When I dropped out of college 11 or so years ago I did it for a variety of reasons. Among them was a severe lack of interest in the classes. I am, by most anyones definition, a 'non-traditional' student. So the class part of college and me didn't fit. Everything else fit just fine, thank you very much.
Over the years since I've had a moderately successful career as a software developer. Probably half of that time I've been an independent consultant and that fits my style very well. However, and I'm not sure when this happened, whenever I think about what I want to do when I grow up software development is not it. It just isn't rewarding for my soul. I've had this growing, gnawing emptiness and I think it is time to start addressing that.
I have known for a long time that if I went back to college it wouldn't be for Comp Sci. Well, I am going back to college starting December 1st and it will be for a B.S. in Psychology. The school, Walden University, started in the 70's and is solely a distance learning school. They started with PhDs then started to offer Masters and now do undergrad as well. They are accredited, which is good. And they cater to non-traditional students (such as me) and working adults. Every course is 5 credits and is taken over a 6 week period, two classes back-to-back per quarter, 8 classes (40 credits) a year.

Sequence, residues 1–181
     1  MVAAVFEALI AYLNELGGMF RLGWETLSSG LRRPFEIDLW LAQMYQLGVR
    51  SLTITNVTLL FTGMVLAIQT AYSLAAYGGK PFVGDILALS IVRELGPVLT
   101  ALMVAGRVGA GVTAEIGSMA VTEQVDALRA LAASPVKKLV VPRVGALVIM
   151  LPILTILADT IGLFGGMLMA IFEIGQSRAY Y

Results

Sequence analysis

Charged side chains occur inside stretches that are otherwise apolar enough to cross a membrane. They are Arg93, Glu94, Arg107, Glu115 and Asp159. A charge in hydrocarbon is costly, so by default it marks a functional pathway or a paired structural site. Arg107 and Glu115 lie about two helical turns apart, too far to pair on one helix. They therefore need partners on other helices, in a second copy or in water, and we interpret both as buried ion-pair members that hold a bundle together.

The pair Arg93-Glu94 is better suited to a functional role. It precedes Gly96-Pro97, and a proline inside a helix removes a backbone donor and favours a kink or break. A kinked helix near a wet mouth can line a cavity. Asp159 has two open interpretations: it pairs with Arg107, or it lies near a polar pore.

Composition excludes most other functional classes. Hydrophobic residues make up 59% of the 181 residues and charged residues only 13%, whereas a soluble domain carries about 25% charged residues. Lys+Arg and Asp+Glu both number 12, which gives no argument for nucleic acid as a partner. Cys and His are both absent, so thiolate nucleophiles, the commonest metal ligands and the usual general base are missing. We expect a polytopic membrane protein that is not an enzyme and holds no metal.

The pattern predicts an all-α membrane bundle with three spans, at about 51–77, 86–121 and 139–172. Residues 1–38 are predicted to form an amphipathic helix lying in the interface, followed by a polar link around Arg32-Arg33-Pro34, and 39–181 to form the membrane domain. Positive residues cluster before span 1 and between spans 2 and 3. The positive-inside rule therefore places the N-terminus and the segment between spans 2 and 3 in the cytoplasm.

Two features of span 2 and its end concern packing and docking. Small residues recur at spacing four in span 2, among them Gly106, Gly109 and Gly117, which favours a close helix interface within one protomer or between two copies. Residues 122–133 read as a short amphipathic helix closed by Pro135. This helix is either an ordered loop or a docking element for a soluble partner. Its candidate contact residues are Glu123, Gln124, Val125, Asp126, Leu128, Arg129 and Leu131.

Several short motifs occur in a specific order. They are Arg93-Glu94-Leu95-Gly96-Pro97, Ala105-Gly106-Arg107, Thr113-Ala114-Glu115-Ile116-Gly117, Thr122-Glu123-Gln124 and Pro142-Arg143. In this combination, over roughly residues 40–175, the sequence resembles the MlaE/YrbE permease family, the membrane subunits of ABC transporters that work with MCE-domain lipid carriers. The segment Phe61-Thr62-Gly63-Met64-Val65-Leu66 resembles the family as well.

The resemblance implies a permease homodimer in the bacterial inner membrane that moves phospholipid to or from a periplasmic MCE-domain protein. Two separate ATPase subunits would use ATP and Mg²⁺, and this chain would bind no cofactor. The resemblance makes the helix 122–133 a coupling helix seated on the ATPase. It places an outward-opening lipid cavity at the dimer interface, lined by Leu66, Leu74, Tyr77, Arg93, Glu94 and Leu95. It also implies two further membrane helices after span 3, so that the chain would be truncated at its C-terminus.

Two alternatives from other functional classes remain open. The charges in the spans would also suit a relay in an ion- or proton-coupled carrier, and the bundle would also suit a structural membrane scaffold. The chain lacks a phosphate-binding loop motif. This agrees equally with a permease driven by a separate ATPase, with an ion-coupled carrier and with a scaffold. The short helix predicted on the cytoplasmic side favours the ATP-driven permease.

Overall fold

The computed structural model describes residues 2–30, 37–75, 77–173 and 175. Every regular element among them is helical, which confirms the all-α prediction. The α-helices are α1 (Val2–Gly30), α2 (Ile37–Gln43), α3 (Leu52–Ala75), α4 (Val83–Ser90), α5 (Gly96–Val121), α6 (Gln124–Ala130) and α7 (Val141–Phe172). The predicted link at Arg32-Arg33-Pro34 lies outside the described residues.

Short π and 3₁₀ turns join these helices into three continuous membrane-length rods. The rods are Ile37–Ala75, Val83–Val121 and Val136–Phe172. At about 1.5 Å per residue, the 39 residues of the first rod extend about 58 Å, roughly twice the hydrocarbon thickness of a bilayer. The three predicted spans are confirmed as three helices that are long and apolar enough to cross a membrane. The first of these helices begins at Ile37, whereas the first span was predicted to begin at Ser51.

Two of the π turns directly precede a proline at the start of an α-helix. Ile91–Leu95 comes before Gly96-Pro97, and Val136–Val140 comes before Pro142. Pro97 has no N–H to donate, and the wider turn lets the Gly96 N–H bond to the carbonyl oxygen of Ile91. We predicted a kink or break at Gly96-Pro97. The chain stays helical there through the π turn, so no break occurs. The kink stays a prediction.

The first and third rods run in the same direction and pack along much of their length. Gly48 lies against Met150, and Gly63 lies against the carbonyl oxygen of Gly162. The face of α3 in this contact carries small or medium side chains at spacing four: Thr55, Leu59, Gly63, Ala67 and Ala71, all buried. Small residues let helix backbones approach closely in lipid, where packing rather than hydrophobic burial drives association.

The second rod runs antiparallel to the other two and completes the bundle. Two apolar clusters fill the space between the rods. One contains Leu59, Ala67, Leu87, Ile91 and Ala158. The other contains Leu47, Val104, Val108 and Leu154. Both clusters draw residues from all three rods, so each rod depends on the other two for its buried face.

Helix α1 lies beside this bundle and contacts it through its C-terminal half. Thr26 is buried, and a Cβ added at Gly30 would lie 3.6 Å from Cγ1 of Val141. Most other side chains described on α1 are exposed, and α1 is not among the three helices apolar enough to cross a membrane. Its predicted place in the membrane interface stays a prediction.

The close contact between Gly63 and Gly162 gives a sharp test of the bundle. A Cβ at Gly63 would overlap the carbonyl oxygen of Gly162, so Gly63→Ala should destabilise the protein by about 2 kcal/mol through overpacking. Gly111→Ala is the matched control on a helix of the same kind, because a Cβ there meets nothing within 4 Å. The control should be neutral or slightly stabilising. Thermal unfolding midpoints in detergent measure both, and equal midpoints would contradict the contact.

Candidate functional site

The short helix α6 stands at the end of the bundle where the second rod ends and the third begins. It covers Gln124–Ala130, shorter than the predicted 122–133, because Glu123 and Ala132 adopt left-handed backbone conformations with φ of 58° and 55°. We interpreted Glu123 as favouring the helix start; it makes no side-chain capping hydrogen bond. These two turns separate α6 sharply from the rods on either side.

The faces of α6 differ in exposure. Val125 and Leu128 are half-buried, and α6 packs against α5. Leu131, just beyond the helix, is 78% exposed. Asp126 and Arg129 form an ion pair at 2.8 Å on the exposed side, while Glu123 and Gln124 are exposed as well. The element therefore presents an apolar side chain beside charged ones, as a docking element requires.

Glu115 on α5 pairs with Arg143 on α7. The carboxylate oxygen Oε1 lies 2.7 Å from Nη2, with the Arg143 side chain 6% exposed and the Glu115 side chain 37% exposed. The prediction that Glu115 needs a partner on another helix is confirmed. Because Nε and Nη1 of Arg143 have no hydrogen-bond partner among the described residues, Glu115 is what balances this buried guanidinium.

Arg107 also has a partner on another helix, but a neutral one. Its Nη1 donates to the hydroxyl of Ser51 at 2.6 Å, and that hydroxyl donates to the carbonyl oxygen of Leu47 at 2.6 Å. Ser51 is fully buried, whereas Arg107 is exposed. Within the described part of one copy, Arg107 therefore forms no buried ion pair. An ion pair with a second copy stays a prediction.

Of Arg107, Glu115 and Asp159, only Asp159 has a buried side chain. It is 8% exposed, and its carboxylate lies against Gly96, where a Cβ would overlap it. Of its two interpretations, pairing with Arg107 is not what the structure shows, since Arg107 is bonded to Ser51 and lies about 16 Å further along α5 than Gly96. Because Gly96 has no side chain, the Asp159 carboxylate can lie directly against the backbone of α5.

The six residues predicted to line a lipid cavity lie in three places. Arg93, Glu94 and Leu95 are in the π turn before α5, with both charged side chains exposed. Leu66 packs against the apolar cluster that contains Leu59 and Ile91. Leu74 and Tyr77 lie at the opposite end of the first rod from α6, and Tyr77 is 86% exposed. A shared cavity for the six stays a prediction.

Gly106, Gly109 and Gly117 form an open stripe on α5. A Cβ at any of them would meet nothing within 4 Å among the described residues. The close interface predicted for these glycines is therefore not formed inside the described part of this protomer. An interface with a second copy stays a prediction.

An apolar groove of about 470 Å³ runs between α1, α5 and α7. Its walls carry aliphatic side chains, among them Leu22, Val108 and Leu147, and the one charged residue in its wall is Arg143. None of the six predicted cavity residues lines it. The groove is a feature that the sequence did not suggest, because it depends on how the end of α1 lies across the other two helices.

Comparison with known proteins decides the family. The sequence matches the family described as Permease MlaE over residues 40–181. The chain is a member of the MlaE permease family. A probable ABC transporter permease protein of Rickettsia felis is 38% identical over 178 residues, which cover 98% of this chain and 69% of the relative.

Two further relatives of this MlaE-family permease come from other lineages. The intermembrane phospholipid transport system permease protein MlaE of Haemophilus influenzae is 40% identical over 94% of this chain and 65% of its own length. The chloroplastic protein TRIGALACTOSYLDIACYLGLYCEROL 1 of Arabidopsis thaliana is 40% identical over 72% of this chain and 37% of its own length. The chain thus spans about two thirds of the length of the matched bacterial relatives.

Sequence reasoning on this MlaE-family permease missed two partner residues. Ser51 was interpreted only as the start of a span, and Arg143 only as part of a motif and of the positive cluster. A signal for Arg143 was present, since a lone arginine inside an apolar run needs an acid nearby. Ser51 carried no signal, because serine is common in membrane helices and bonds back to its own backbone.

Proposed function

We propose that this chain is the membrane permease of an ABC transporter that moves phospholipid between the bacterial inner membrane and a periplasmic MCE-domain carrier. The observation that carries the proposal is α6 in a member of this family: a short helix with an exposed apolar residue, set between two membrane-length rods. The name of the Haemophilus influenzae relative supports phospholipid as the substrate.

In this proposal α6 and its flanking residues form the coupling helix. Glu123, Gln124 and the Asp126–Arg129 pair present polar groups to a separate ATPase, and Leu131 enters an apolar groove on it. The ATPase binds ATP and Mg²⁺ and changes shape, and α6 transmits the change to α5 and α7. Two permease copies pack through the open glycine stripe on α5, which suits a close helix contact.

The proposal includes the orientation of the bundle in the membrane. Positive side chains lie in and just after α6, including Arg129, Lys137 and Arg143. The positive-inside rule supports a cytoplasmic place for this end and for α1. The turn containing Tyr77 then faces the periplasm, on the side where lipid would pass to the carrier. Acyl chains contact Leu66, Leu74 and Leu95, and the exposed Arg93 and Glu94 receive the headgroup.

The format is asynchronous, meaning you basically get a deadline and a task and off you go. Discussions take place on a meeting board and lectures, etc are podcastish. Apparently this format has been pretty successful and it is right up my alley as far as how I work well. Six weeks is a pretty short time to squeeze five credits of material so I expect it to be pretty intense.
Luckily, a significant amount of class work transferred over and I am just two years away. 16 courses. And only one of which needs to be general education stuff, everything else is focused on my course of study.
As far as future plans go, I have two goals. First, to be able to be certified in a technique called EMDR (whole other topic). And second, to be able to start a private practice. In order to meet those goals, I need to have (or be working towards) my Masters. At this point I don't care about practicing as a Psychologist. A certification as a Mental Health Counselor will suite me just fine and it will be an easier path to follow.
So, maybe, I'll be able to totally switch careers in three or four years.